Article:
AI in the court: Are robot judges next?

As in many other industries, AI carries great promise but significant risk for the legal industry. But when it comes to certain court cases, the stakes couldn't be higher.
Written by Stephanie Condon, Senior Writer

As in many other industries, AI carries great promise as well as risks for the legal industry. In the court system, though, the stakes are unusually high. Using a predictive algorithm to determine your child custody terms isn't quite the same as Netflix suggesting which movie you should watch next. 

Even so, AI and automation are already playing a large part in the US legal system. At a conference in Portland, Oregon last week, hosted by the Legal Services Corporation, legal professionals from around the country gathered to collectively pause and consider how they're modernizing their systems -- and to what extent they should be using AI. 

"We've got to stop doing things just because we can," said Alan Carlson, a consultant and retired  Court Executive Officer of the Orange County Superior Court in California. Before adopting new technology solutions, he said, it's worth asking, "Do you really need to use AI? Could you just use a decision tree? Is the analytics enough?" 

To be sure, there are already examples of simple, effective ways to integrate automation into the courts, including some emerging AI use cases. Deploying automation can make the justice system more accessible for people who don't have the money for a lawyer or the time for a court date. 

For instance, at the Superior Court of Los Angeles County in California -- the world's largest court -- Gina the Avatar helps residents handle their traffic citations. Gina knows five languages and helps more than 5,000 customers a month. Gina's not true AI --  she's programmed to work down predefined paths. Still, she's laid the groundwork for more sophisticated automation.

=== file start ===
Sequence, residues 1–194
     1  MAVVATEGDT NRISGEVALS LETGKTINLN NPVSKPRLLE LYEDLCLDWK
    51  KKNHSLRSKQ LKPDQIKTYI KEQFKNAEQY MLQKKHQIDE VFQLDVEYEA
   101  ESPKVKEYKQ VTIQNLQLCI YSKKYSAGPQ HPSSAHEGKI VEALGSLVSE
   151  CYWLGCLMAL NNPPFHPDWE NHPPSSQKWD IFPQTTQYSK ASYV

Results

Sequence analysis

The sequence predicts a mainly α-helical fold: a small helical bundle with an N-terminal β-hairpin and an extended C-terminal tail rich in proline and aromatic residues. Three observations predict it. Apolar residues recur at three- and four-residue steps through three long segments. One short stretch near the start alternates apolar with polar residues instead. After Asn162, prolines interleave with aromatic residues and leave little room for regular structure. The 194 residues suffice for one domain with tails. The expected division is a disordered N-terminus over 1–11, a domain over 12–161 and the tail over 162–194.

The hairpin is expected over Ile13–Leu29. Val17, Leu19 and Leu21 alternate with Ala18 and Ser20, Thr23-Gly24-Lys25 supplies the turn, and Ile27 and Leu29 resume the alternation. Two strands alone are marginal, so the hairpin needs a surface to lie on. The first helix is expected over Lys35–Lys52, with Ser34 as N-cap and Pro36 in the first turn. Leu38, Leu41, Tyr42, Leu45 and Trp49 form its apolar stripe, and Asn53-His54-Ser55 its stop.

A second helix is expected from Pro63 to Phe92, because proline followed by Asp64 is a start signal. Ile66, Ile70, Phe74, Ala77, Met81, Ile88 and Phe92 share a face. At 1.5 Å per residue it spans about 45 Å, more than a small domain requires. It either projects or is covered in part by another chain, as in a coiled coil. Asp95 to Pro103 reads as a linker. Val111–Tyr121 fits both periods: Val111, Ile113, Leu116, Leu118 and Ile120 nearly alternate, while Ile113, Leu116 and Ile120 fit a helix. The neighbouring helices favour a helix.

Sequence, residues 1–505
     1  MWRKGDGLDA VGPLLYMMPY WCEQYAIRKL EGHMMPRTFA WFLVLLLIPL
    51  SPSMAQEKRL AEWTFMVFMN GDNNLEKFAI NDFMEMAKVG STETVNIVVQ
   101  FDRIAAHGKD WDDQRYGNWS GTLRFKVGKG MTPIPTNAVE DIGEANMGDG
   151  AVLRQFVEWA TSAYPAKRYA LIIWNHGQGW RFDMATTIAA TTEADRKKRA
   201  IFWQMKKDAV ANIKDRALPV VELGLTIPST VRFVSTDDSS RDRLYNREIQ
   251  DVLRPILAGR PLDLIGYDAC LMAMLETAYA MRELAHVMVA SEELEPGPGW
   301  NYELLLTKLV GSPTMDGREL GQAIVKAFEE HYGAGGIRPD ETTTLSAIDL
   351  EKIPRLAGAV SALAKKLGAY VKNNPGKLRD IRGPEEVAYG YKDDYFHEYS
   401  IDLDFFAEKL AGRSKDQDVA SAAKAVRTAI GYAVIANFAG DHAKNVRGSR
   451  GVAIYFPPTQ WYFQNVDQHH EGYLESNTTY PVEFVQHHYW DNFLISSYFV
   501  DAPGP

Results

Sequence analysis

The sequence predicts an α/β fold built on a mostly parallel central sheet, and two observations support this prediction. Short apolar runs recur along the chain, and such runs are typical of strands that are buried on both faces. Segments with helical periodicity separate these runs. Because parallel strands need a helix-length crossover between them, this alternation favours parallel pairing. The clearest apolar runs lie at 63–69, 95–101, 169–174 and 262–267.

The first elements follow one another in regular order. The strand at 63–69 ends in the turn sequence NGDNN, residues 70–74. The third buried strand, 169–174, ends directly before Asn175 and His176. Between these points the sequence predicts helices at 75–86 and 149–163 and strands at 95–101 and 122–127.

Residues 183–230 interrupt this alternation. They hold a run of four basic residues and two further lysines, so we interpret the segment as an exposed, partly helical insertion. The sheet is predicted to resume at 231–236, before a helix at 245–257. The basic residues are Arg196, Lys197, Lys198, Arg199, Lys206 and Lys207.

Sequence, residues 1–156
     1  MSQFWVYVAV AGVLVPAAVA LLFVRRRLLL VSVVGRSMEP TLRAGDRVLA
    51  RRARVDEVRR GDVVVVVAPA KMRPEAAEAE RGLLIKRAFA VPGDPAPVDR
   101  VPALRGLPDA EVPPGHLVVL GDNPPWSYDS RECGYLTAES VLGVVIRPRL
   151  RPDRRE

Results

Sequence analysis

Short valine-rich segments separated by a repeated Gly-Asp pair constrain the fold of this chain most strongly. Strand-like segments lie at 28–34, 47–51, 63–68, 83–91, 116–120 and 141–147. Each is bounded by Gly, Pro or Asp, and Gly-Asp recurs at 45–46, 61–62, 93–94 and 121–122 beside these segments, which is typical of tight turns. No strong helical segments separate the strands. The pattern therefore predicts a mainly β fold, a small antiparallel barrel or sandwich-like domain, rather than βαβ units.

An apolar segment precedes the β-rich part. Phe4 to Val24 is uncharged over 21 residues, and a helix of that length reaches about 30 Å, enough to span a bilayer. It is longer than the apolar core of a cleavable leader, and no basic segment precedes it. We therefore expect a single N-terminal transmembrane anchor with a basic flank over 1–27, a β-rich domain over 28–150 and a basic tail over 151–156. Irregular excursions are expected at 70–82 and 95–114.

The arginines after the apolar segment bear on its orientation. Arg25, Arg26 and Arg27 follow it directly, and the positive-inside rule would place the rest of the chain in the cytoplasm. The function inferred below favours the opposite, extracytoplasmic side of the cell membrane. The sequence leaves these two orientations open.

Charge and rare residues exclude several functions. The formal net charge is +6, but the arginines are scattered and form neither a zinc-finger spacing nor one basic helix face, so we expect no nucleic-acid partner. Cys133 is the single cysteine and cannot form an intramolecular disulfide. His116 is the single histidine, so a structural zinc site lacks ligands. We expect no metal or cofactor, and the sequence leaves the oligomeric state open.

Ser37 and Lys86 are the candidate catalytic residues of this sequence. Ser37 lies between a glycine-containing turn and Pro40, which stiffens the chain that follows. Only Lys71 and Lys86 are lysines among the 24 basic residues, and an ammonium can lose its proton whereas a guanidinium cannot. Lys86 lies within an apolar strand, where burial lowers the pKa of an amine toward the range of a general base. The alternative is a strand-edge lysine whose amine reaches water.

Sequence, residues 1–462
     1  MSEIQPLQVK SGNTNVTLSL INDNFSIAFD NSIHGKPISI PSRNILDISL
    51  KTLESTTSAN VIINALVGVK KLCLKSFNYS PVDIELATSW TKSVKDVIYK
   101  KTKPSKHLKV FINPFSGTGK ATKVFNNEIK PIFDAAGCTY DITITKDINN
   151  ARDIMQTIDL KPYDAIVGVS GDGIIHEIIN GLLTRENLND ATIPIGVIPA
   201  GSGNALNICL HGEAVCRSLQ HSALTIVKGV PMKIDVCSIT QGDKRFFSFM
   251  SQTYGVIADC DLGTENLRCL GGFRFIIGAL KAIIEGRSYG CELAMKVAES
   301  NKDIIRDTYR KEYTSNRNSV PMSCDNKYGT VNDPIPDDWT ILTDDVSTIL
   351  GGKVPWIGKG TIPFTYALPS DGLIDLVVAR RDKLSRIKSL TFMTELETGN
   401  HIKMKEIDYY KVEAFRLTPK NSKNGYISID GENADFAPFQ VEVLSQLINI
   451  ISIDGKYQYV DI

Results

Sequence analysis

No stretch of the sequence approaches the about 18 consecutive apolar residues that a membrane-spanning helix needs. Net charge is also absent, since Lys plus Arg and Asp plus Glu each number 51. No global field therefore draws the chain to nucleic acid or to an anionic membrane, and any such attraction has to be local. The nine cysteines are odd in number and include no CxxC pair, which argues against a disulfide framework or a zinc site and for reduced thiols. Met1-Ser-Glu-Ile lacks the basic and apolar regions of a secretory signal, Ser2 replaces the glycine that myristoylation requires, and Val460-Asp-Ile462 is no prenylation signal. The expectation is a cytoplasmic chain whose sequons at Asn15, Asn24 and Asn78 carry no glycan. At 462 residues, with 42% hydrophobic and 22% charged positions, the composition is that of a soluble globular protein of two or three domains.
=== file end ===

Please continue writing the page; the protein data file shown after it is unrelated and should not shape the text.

Los Angeles is now working on a Jury Chat Bot project that will leverage true AI, Snorri Ogata, CIO of the LA Superior Court, told ZDNet. It's being built on top of the Microsoft Cognitive Services platform, leveraging features like natural language understanding, QnA maker (to build "FAQ on steroids," as Ogata put it) and translation services. The court is initially focusing its efforts around the jury summons process and will be narrowing the chat dialog universe to known outcomes (such as "retrieve my juror ID" or "request a postponement"). 

"This is key for two reasons," Ogata said. "First, it helps us establish a clear return on investment framework. Second, it narrows the universe of what we need to teach the 'bot.' We will likely expand features over time, but we are very excited with what we are currently working on."

Meanwhile, other courts in the US are adopting online dispute resolution (ODR) initiatives to handle a range of conflicts. An ODR system can help make the final call when the opposing parties in a conflict have reached a stalemate, explained Colin Rule, VP of ODR at Tyler Technologies and co-founder of the ODR service provider Modria. It can help, for instance, in "night baseball" arbitration, in which the arbitrator hands down a reward, which is then adjusted to conform to the closest of the two sides' competing proposals. 

That kind of assistance may sound close to a "digital judge," Rule acknowledged. However, he said, "It's not about building a digital brain."

To explain the difference, Rule compared an algorithm-powered justice system to IBM's Watson. When Ken Jennings goes up against the AI-powered Watson on the game show Jeopardy!, "he's not coming up with 10,000 answers and then ranking them and picking the one that scored the highest," Rule said. "That's what Watson does in real time." 

It's also how an ODR would consider a dispute and consider all of the information in a dispute and the final offers from both parties. An algorithm "can go out and look at 10 million similar cases, come up with its idea of what's fair, look at the two offers and say, 'I pick Party A's offer.'

"That's not the way judges work, but it's a good way for computers to work," Rule continued. "'Judge' means something very specific in a human context. We don't want to just replicate that in technology, but we can meet the need through technology in different ways."